With Tax Day just around the corner, Shield spoke to Neil Rosenfield, a CPA with Baker Tilly, about Section 280E of the Internal Revenue Code – specifically about how it impacts cannabis-related businesses (CRBs) and what the credit unions that serve them or are considering serving them, should know about this controversial and complicated tax code.
What is the 280E tax code and how does it affect the cannabis industry?
Neil Rosenfield (NR): Section 280E of the Internal Revenue Code prohibits taxpayers who are engaged in the business of trafficking certain controlled substances from deducting typical business expenses associated with those activities. Because cannabis is still considered a schedule one drug under the IRS tax grade, CRBs are subject to 280E. The only deductible expenses would be anything directly related to the cost of goods sold. Otherwise, no deductions are allowed for general and administrative (G&A), sales, or marketing expenses.
As a result, under 280E, CRBs are subject to increased taxation – which could be up to a 50% increase in their effective tax rate. The exact rate depends on the underlying entity and the type of CRB – whether it is retail, distribution, cultivation, etc. On the retail side, you’re basically buying, storing, and ultimately selling the product so there’s very little by way of cost of goods sold. On the other hand, on the cultivation and distribution side, you’re spending most of your money on producing products, so a lot more of your expenses are going to the cost of goods sold. Many operators don’t realize the extent of this impact, so it can be a rude awakening when tax season comes around.
How does 280E impact credit unions serving the cannabis industry?
NR: Credit unions themselves are not subject to this tax code, but because the CRBs they serve are subject to excess taxes, they need to be aware of any loss of profitability or impact to their members’ cash flow, especially if they’re offering banking services such as lending. Compliance management tools can help bankers gain insights into their members’ accounts to understand any potential tax implications and mitigate against risk.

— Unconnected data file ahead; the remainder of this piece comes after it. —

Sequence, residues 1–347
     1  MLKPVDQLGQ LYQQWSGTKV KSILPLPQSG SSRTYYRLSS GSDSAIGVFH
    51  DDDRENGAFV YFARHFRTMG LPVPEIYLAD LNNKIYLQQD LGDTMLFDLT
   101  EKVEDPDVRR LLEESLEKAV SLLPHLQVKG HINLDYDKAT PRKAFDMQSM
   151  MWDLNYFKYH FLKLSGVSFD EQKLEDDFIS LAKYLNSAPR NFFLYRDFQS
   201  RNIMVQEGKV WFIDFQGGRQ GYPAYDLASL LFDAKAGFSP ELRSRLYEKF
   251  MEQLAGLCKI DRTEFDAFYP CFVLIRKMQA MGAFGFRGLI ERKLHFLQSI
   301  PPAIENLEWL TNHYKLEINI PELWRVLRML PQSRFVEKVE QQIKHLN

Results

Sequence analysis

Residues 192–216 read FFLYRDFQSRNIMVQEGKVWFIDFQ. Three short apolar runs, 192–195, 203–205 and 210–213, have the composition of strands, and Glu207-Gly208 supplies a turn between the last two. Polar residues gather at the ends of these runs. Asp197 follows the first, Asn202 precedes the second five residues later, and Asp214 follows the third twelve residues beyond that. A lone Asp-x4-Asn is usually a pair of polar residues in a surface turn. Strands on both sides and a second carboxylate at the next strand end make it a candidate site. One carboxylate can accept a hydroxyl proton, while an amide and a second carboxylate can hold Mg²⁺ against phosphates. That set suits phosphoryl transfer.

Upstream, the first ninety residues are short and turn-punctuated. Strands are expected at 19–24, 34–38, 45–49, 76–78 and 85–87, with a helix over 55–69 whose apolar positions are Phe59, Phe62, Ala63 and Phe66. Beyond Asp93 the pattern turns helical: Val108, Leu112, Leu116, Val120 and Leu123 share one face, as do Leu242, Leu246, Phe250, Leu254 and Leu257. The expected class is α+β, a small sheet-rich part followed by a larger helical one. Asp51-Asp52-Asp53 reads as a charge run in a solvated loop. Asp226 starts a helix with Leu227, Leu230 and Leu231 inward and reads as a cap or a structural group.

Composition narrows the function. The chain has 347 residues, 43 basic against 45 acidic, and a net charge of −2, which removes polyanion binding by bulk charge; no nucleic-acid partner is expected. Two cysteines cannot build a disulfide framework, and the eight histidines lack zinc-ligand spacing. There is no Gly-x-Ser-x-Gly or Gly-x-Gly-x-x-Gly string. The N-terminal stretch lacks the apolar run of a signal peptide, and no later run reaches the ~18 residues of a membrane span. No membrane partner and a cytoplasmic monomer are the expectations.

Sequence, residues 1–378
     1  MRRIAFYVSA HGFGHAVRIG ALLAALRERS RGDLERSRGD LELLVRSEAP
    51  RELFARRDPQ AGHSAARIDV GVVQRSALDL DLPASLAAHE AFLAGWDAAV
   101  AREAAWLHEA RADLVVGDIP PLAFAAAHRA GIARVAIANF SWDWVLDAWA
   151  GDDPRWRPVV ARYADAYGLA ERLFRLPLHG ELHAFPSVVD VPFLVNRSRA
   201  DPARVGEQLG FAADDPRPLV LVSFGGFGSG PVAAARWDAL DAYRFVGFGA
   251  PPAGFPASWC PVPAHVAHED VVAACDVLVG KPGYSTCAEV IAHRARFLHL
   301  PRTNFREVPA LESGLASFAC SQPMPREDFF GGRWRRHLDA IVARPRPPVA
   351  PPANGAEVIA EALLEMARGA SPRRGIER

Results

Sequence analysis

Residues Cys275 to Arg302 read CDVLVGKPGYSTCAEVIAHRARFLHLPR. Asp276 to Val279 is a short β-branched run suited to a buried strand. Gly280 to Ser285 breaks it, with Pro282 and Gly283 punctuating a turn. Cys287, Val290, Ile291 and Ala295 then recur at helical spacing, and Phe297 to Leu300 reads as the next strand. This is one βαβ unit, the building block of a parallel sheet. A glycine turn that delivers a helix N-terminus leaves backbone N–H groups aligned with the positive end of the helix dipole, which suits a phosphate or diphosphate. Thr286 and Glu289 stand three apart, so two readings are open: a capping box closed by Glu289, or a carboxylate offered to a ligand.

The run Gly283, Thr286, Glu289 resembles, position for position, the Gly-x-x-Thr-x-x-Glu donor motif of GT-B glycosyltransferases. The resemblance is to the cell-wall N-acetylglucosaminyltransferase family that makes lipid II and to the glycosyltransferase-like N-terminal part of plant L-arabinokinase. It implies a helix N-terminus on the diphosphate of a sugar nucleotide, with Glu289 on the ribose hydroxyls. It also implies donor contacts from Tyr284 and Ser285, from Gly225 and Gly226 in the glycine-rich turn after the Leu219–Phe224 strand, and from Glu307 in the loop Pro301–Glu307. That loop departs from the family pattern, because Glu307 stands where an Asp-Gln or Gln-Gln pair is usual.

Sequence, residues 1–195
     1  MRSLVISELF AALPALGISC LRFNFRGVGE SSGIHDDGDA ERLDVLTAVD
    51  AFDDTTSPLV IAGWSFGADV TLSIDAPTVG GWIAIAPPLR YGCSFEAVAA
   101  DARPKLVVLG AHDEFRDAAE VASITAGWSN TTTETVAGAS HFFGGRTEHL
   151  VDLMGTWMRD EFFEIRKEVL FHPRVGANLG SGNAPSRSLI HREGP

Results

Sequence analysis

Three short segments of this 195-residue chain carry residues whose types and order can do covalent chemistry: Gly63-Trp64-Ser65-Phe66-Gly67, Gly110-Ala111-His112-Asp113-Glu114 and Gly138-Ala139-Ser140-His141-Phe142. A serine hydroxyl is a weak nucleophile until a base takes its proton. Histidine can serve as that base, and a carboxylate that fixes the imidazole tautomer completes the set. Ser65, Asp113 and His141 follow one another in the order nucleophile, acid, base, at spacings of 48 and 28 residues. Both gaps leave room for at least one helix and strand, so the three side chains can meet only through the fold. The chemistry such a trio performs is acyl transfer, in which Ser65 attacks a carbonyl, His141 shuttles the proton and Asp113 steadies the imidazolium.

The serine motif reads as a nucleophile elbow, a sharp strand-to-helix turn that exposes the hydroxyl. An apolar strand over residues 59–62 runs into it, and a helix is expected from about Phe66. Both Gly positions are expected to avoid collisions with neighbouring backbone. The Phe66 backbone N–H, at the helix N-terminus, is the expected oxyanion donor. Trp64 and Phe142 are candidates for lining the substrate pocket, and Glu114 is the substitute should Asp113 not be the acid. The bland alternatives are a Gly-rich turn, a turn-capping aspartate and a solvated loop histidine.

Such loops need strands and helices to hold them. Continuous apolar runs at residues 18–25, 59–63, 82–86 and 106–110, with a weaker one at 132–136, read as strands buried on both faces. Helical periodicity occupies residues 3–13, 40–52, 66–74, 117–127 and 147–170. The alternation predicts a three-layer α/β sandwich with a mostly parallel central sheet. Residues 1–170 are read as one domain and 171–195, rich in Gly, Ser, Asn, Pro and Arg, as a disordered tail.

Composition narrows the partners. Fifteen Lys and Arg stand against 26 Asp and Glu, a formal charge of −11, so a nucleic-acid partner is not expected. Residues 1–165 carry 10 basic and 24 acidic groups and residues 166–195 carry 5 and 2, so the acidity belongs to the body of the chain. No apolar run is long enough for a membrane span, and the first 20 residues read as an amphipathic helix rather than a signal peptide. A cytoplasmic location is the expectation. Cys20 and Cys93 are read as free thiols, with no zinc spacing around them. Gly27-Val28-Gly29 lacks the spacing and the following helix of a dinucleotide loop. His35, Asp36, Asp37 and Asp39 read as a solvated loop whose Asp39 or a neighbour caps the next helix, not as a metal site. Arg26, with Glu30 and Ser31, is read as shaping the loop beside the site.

What are some common examples bankers may see in the financials or the entity structure of CRBs to reduce the impact of this taxation?
NR: We are seeing many of the big operators setting up management services companies to carve out certain parts of their business into other entities so they can more easily deduct expenses. Some of these clients are more aggressive than others in terms of how much of those management fees they deduct. This is an area that should be looked at carefully by bankers to make sure these businesses are operating compliantly.
What advice would you give bankers with CRB members?
NR: I don’t expect bankers to be experts in 280E but as we’ve discussed, understanding the cash flows of CRBs is an important part of BSA/AML compliance. CPAs, advisors, and attorneys who understand the cannabis space and understand the nuances in the tax code can be helpful partners to the banking community.
Lastly, how aggressive is the IRS in the enforcement of 280E and do you see the tax code changing anytime soon?
NR: The IRS has stated they’re going to be very aggressive in their enforcement of 280E. They set up a task force to do just this, but they have limited resources and so far, I haven’t seen them able to fulfill their target in going after all these entities. When it does come down to an audit, I’ve seen them be reasonable and work with taxpayers if they have good documentation and records of how they are doing cost allocations. Changing the 280E tax code will require federal legislation and unfortunately, I don’t see that happening in the relatively near future.